Jobless left out from tax breaks as firms benefit
By Moses Michira | March 27th 2020
Opinion is divided on whether President Uhuru Kenyatta’s proposals will help households and businesses navigate the tumult caused by the coronavirus pandemic.
Top among the concerns is that the economy is largely driven by the informal sector, which might not benefit from the policy interventions outlined.
Millions of workers, including hairdressers, flower farm labourers and waiters, have lost jobs but their plight was largely ignored, meaning many of them could soon be staring at sleeping hungry.
Precious Kwamboka, a hairdresser who lives and works in Nairobi’s Pipeline estate, shared her frustrations on lack of business.
She did not receive a single client for the past one week. In her thinking, beauty has fallen down the ladder of priorities mostly because of the requirement of maintaining social distancing.
“It is looking very gloomy now, I do not even know how I will buy food or pay rent,” she said.
But on the other hand, economists feel that the macroeconomic measures, including reduction of taxes, could have a trickle-down effect and cushion the economy in the tough months ahead.
Private sector representatives hold that the measures announced, including easing access to credit, will support businesses amid projections that demand for their products could be subdued.
Not even the political class could agree on the implications of the measures on the economy, including the fact that agriculture, the country’s mainstay, was ignored.
Ugunja MP Opiyo Wandayi described the President’s interventions as “well thought-out, quite reassuring”, but did not explain how the measures would address the man on the street.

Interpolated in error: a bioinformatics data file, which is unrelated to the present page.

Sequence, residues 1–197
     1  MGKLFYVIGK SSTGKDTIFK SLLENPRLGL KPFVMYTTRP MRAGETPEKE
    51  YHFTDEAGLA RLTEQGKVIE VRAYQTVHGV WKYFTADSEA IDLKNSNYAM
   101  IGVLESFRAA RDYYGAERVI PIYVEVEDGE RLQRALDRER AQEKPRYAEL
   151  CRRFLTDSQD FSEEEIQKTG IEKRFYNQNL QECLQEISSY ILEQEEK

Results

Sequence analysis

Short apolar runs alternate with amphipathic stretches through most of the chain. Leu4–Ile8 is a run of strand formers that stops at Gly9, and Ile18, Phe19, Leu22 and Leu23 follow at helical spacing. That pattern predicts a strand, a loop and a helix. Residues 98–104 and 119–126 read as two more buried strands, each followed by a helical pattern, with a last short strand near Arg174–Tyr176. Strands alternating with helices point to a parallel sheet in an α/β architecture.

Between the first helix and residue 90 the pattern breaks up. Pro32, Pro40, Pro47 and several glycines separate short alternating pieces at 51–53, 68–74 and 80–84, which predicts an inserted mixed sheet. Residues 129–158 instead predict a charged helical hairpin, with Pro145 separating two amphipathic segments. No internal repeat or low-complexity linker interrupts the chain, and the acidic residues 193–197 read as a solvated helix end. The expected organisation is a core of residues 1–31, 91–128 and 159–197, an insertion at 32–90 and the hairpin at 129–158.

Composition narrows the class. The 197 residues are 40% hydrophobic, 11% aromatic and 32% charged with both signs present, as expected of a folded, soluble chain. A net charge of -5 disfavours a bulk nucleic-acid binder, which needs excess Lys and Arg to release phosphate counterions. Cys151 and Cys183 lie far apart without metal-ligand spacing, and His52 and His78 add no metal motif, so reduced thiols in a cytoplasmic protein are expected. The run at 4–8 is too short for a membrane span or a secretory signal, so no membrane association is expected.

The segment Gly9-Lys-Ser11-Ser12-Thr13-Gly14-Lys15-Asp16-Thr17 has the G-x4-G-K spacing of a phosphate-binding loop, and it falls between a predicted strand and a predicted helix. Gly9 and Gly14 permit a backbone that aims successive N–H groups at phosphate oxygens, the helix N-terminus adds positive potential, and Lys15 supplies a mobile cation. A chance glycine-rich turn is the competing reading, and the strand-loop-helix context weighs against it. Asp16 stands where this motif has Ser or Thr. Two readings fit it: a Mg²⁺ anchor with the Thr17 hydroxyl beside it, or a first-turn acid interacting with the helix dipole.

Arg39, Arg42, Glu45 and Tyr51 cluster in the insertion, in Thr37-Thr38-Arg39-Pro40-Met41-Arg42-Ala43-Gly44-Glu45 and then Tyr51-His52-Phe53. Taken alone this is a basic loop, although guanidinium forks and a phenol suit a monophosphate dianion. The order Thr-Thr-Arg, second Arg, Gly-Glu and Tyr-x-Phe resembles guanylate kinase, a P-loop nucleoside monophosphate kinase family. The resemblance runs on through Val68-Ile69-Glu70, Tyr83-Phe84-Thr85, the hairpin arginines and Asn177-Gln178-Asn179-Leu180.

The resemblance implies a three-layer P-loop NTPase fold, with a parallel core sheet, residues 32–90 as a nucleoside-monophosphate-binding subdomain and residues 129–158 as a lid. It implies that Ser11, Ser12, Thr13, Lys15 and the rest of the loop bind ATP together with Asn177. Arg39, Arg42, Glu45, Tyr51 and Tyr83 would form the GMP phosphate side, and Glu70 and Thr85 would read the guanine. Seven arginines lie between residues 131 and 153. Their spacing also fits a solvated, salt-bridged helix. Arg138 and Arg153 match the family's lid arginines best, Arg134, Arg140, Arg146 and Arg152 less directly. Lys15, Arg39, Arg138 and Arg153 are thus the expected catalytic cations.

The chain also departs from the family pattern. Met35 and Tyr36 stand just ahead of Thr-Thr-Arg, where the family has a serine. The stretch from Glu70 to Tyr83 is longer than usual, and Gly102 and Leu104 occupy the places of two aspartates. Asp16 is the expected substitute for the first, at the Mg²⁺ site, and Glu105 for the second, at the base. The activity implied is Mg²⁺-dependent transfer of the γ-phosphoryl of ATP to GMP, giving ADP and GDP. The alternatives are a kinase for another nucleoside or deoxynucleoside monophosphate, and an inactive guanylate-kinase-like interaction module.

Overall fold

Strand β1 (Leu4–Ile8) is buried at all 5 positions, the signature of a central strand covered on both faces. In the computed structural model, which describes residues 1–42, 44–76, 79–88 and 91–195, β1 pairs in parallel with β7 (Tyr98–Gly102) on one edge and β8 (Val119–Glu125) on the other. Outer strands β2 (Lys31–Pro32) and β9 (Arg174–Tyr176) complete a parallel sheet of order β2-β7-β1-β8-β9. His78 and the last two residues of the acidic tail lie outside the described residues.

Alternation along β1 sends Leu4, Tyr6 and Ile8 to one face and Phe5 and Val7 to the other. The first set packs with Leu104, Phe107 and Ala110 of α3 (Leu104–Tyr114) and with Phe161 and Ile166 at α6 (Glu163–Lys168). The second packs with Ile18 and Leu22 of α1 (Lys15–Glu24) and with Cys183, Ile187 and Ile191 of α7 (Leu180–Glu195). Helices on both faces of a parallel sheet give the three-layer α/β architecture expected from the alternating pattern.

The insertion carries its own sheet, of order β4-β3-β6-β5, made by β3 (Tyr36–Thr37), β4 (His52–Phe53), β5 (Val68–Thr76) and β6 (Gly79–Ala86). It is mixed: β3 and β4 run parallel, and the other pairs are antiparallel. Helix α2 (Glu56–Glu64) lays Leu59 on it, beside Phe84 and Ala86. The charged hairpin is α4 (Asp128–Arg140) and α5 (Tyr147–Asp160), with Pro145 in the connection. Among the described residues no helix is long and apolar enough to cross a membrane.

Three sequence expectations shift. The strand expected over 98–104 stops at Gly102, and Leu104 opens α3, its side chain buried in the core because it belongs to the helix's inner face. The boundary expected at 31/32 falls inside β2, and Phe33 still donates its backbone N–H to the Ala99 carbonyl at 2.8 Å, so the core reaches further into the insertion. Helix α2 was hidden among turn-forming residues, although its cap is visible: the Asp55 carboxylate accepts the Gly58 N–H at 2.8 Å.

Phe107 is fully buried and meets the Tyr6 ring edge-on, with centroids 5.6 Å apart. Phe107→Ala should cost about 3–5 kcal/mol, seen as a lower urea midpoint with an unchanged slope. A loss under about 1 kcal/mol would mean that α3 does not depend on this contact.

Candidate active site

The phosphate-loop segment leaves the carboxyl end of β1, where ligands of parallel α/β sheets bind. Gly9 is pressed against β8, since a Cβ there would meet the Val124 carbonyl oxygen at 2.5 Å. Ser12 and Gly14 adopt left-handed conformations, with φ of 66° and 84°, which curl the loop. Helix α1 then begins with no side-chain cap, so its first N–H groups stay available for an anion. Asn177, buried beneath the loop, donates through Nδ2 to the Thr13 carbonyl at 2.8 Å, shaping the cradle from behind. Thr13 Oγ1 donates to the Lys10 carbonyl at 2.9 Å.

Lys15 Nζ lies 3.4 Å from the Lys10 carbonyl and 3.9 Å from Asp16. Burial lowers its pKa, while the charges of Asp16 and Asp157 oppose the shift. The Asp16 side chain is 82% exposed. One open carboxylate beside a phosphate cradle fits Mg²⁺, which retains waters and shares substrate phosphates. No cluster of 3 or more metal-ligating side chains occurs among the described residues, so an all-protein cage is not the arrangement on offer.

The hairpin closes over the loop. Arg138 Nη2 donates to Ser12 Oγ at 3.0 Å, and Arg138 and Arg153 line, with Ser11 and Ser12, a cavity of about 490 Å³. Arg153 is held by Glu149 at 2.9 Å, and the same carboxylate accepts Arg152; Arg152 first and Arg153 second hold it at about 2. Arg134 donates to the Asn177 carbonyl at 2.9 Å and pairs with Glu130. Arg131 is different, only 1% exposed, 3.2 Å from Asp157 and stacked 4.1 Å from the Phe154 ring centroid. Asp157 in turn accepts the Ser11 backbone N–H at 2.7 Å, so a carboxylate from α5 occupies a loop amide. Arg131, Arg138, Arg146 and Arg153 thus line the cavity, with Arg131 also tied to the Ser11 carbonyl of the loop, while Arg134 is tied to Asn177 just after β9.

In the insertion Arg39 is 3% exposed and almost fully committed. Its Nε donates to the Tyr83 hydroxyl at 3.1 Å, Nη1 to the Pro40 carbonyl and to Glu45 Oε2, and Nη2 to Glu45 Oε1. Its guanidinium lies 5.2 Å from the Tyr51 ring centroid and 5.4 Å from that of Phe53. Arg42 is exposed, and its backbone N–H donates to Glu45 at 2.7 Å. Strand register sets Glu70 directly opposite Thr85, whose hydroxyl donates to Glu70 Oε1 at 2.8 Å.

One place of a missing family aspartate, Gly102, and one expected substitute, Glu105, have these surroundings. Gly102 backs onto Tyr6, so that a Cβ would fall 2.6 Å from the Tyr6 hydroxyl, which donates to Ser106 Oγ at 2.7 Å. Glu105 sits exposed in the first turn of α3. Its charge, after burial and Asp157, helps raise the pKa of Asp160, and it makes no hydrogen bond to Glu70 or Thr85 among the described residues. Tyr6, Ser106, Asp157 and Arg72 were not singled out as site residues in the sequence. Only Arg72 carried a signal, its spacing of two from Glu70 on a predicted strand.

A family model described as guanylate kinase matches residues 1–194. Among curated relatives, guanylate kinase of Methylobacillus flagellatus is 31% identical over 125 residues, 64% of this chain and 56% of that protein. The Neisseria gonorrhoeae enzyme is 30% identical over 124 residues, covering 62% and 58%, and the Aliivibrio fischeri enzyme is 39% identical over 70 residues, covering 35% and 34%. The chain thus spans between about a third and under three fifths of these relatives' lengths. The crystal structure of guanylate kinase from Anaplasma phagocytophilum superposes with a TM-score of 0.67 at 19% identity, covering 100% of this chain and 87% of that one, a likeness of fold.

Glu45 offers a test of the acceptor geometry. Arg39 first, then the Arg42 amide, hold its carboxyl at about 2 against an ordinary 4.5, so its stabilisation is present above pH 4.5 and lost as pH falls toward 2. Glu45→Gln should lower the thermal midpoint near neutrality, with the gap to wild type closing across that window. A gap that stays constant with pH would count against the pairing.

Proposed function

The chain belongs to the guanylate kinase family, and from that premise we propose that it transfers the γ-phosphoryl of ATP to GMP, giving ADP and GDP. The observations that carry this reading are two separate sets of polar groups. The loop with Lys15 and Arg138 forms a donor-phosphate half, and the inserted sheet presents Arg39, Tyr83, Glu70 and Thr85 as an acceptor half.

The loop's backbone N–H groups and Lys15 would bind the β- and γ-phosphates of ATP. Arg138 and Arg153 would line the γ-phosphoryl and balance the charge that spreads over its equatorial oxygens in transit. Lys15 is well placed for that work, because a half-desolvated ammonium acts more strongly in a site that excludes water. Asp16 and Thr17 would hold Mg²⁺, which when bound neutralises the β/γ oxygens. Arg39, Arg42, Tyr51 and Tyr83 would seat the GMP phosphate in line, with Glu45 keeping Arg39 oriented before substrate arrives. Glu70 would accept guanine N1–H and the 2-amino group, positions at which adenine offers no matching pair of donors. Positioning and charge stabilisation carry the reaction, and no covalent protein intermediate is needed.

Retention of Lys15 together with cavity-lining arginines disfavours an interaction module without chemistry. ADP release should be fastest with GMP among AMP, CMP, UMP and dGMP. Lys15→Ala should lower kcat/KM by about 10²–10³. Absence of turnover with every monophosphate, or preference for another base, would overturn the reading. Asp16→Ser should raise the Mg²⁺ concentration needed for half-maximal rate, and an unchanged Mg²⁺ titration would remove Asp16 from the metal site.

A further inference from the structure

“(They) should be able to cushion the mwananchi against the adverse effects of the coronavirus pandemic,” he said.
Bungoma Senator Moses Wetang’ula said there should have been a package for the agricultural sector, which should support food security, a basic requirement.
Mohamed Wehliye, a financial adviser, tore into the President’s proposals, saying tax breaks can never have an impact on people who have been rendered jobless owing to the ravages of coronavirus.
“How will tax cuts help folks who lose their jobs? If this goes on, very many people will go home,” he said, in reference to the wave of lay-offs by companies due to loss of business.
Many businesses, he added, are closing down hence would not benefit from lower taxes in the end.
Major economies, including the US, Germany and the UK are considering huge stimulus packages, and directly sending money to their populations as part of the interventions to avert recessions.
The wisdom in putting money in people’s pockets is that they would keep spending even though their incomes have been disrupted, essentially sustaining production.
But with a tiny economy as Kenya, which is struggling to provide more basic services, cash transfers might only happen on a much smaller scale.
Kenya National Chamber of Commerce and Industry (KNCCI) said in a statement that the private sector was happy with the stimulus measures.
“It will go a long way to save jobs and income, cushion the economy from the Covid-19 aftershock and keep businesses afloat,” said Richard Ngatia, the KNCCI president.
He added that by lowering of the Central Bank Rate to 7.25 per cent from 8.25 per cent, commercial banks are expected to lower lending rates, which means more money for borrowers.
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